1. President Obama’s the head cheerleader for both programs and he bundles them in his vision for education reform. Part of the Race to the Top application was an agreement for states to adopt Common Core Standards, and part was to have a State Longitudinal Database System (SLDS) that would match every other SLDS in the nation (using federal grants to build it.) Points were awarded to states who did both. Clearly, both Common Core and the SLDS data system were part of that federal reform package and both comply with the “Big Government” vision of socialistically controlled education. (The fact that our state –Utah– received no RTTT monies and isn’t part of RTTT, is irrelevant, since Utah still chose to remain bound under Common Core and the federally funded SLDS even after not winning any grant monies. Don’t ask me why. That decision makes no sense at all.)
It troubles me that I actually go out of my way to request proof that we opponents are “erroneous” and “misinformed” and the proponents don’t even respond to the emails.
Proponents of Common Core seem to me to be increasingly uninterested in the truth. That troubles me most of all.
I am interested in the truth. I have no other object in this fight against Common Core except wanting academically legitimate, locally amendable and locally controlled standards.
I am a teacher and a mother, not a politician or lobbyist or even a reporter.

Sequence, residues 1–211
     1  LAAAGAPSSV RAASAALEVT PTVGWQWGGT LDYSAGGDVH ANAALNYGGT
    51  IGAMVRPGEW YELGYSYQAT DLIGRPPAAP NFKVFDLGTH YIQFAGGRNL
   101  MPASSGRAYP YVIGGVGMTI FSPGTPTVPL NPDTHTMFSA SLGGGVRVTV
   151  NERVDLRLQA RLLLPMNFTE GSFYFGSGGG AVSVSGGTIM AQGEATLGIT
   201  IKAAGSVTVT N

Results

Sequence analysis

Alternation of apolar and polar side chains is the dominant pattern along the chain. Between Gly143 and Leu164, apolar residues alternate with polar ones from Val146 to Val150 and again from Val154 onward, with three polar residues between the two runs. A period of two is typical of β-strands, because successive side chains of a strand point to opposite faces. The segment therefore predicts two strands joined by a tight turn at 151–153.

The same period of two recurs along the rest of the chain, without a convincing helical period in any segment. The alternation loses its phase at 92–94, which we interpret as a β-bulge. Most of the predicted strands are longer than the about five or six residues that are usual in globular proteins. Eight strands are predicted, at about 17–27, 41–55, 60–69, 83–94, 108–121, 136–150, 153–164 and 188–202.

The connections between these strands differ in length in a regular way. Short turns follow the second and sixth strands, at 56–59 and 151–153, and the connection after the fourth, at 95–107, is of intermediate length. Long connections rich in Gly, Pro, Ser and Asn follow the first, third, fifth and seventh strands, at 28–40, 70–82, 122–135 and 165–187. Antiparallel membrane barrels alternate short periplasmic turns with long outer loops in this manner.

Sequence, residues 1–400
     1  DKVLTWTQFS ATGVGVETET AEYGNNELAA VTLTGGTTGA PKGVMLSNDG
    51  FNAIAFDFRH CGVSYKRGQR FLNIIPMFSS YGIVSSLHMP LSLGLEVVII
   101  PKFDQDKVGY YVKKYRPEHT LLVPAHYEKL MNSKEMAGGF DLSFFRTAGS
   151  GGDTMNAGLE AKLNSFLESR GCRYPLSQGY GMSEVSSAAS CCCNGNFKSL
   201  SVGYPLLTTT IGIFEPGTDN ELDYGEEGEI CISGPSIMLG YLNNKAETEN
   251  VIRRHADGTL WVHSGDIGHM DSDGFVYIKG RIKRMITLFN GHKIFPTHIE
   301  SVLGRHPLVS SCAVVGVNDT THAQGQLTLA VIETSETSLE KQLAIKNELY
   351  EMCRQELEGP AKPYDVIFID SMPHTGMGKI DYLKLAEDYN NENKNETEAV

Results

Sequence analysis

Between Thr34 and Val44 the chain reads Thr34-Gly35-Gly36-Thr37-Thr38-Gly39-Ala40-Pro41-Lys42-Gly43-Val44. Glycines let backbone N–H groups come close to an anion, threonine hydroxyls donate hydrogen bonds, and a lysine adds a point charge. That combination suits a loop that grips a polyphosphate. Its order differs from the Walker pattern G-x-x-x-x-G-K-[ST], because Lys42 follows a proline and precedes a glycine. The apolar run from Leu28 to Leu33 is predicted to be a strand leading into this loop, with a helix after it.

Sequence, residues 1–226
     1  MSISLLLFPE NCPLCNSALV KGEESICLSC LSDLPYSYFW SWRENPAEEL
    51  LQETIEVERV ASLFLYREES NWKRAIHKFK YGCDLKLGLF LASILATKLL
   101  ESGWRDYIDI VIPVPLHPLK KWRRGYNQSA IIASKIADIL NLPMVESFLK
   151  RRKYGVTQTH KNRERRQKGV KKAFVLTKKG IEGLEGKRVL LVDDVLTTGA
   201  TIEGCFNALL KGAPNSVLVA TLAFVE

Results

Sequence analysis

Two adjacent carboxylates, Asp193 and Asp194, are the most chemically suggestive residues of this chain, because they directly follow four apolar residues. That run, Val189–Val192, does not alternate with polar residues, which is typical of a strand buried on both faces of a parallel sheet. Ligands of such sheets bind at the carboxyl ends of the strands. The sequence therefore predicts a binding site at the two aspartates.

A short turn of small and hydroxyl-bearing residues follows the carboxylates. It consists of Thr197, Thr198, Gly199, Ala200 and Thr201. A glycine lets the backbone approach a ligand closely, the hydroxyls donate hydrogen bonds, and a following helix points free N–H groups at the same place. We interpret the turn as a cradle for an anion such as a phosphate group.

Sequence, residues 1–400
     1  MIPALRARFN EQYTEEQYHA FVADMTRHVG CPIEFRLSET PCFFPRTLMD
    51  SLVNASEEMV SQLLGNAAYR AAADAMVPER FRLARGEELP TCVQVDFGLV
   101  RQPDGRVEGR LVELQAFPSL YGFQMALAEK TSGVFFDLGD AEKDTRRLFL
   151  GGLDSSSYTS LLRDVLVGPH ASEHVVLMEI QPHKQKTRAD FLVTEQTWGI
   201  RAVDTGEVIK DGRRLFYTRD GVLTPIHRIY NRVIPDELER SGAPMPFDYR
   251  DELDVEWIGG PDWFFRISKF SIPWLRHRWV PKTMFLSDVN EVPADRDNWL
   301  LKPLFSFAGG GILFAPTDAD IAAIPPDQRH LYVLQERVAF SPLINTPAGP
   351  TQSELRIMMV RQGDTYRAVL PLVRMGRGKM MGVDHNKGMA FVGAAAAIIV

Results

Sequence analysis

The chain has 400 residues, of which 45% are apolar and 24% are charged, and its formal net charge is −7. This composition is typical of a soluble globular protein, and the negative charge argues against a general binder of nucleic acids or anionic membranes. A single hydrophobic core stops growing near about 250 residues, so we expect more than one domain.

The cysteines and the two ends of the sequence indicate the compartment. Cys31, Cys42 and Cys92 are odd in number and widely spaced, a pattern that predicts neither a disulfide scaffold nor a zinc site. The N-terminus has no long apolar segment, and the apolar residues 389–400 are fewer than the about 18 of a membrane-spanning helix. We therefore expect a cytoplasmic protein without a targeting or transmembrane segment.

Guest post by a parent who requested that his/her report would be anonymously published
I attended the meeting held by Uintah School District last week.
The meeting appeared to be a training on the new assessments for Common Core that will cost $30 million. The guy turned his back on the room and spoke quietly when he said ‘$30 mil’, so I’m not sure I heard him correctly. He was more than happy to face the room and speak loudly about how great these assessments will be and how very much we need them–in his opinion. (Note-his job is dependent on him holding to that opinion.)
A little more than halfway through the meeting, he finally allowed questions. He would NOT allow questions before that. When question time came, it was very clear that the majority of the people in the room were unhappy parents, not educators there for his training. With a great deal of pressure from parents, it was decided that some common core questions would be answered by Dixie Allen of the state school board.
All individuals interested in common core questions being answered were invited to get up and move to a smaller room to talk with Dixie. By the time everyone had gathered in the smaller room, common core was on a screen at the front of the room and Dixie was prepared to give a presentation. Parents tried to ask questions and Dixie tried to give a presentation.
When it became clear that Dixie’s intent was to deliver a Common Core ‘sale’, one parent specifically requested that questions be answered first and the presentation be given second because people were obviously wanting their questions answered now. Dixie said no, but eventually had to give in because the questions wouldn’t quit coming. We didn’t have to watch or listen to a big presentation from Dixie, but we did have to listen to her state several times that common core standards are higher (to which one parent consistently replied ‘no, they’re not’ every time). She also told the parent in the room who knew the most about Common Core that she (Dixie) didn’t want that mom asking anymore questions because the mom gave comments, informing other parents of the details so Dixie could not shut them down completely. Obviously, Dixie is frightened of the truth getting out.